I train with my football team so I am in a gym everyday. what you want to do is dedicate different days to different muscle groups and do at least 30mins of cardio. Swimming while your son gets lessons will greatly improve your cardio, leg strength, and overall health. Back to the weights, what you can do is look up different exercises for different days. You can do an upper body day then a lower body day or focus on your back or chest more for other days. You'll get the hang of it
It certainly helps to have someone walk you through it once so I wouldn't hesitate to hire the trainer / student once to give you a feel for how everything works and to give you an idea of what a basic workout could be.
Otherwise, go to Chapters or a magazine shop, go to the section for workout magazines and check for special edition guides by Men's Fitness or Men's Health; they usually look like small books rather than full-sized magazine. They're usually under 10$. They'll usually have titles like "Your Summer workout Guide 2014" or "2014 Guide To Gym Routines" or stuff along those lines. I've found them very helpful in the past.
You could also go lurk on bodybuilding.com . There are tons of resources for noobs on there, including lots of Youtube videos.
There is a lot of information out there, but before you go committing to one plan or start plan hopping, I'd think really hard about what your goals are. Are you looking to build some muscle mass, lose fat, or get as strong as you possibly can?
If you're looking for strenght, you might want to try the "5x5" plan.
If you're looking for fat loss, look into a routine that involves "weight lifting complexes".
If you're looking for a mixture of both fat loss and strength, maybe go with "Wendler 531 plan"
Just keep in mind whatever plan you choose, be sure to push yourself each and every day. Take a mini notebook with you to the gym, and track the weight and number of sets and reps done.
As for myself, I started out with 5x5 and after plateauing and a change in goals, I switched over to more of a hypertrophy based program to lose a bit of bodyfat and gain some muscle. If I could tell my former newbie self anything, I say "don't waste time doing endless hours of cardio, focus on hypertrophy for a few months first to build muscular endurance and a bit of muscle, and then jump to a strength routine, and lastly, pay more attention to diet and rest".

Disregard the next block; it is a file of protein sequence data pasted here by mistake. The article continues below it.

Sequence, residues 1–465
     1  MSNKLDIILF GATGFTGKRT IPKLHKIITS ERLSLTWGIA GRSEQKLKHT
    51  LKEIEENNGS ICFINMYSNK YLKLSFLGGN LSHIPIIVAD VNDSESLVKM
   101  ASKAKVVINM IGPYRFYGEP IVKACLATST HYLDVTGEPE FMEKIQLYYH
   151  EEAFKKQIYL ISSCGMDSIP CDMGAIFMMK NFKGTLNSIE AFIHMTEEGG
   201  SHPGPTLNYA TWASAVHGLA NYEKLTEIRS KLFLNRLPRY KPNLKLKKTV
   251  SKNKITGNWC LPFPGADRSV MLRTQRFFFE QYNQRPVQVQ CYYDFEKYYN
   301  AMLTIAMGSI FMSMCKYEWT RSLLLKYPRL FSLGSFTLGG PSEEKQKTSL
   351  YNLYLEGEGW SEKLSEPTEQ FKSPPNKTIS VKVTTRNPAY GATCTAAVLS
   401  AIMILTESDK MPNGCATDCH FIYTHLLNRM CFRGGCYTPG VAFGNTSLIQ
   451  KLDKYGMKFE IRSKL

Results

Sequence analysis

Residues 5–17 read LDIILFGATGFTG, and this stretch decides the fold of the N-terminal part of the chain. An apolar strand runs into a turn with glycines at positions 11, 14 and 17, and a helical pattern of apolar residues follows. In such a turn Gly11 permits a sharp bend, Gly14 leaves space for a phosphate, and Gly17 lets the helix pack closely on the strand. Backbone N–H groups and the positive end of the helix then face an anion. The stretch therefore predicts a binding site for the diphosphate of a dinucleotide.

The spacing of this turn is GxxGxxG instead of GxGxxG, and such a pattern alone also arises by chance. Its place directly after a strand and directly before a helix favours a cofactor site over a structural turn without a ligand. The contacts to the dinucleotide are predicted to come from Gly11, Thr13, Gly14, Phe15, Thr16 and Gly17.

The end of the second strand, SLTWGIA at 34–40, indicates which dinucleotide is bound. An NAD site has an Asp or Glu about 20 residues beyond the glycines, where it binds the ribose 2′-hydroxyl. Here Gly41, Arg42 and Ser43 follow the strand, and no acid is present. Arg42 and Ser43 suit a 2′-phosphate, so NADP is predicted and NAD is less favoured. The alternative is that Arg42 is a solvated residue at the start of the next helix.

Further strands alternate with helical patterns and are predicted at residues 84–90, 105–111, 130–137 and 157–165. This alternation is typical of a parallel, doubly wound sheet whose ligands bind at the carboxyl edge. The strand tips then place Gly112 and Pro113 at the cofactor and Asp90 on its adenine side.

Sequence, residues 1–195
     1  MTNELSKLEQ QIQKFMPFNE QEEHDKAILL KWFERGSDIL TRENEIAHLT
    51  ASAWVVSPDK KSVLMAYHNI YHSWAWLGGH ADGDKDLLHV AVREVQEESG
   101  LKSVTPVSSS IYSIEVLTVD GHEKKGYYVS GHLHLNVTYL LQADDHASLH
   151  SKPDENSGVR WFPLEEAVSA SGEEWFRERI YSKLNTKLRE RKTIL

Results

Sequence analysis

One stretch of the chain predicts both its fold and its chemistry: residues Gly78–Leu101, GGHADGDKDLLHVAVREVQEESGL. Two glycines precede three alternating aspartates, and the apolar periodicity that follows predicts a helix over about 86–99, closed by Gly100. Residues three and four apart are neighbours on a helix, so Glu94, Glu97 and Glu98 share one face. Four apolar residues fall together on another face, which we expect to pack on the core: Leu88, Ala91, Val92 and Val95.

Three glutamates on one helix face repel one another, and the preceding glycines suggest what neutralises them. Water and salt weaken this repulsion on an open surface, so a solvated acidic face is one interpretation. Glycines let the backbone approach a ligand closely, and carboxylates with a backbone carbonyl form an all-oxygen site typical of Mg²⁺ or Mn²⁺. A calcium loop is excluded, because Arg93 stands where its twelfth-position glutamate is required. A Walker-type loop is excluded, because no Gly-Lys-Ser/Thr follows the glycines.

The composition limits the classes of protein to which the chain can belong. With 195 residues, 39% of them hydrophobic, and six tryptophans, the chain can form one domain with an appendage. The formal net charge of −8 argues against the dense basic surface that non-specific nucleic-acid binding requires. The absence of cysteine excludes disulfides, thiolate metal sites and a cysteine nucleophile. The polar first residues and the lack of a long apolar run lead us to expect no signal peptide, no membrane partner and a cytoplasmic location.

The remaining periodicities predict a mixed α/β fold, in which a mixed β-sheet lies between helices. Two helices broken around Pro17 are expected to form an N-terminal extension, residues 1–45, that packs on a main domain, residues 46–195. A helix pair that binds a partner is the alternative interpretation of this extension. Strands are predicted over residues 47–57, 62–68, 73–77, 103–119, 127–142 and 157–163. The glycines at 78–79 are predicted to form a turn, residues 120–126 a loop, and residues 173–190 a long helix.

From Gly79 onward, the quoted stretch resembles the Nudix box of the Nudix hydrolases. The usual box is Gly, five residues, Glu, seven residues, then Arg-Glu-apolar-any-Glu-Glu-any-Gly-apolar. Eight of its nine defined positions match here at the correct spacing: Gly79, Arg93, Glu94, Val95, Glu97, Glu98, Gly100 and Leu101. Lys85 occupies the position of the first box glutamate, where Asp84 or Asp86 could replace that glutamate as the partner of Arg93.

It's definitely worth it to hire the personal trainer for 1 or 2 sessions to get you started and show you proper form. Otherwise, you're risking injury.
I have terrible muscle memory. I could practice free throws for hours every day and still not be consistent. I'm also one of the few people who would rather have 1,000 words than a picture. This probably doesn't describe you or your wife, but if it does, it'll adjust how you learn to exercise. You'll probably want more time with an expert to check on your form, and you'll want to read about exercising rather than going straight to YouTube.
Gripes - People who use equipment as chairs. People who take up a whole bench in the locker room with their stuff and don't move it when you come in and obviously need the space. Disney Channel. Teenage boys who smirk at the low weights I use.
Start - My husband was a gym rat and showed me how to use several machines and some free weight exercises. Several months later, I had 3, 1-hour sessions with a professional trainer.
Well - I started for back pain. I'm sure yoga and pilates would have helped eventually, but in terms of hours spent for pain lessened, Weight-bearing exercises helped more.
Fail - I stayed on a low-weight, high-rep routine for 2 years. I bulked up, and have spent several months on a different routine to lose those inches.
Flesh out about cardio for weight loss. In one paragraph, you say they should do 45 min. of cardio. In another, 3 mi. in 18 min. v. 45 doesn't matter.
So that's why I it's so hard for me to gain weight; I'm King Fidget.
Drives my wife crazy.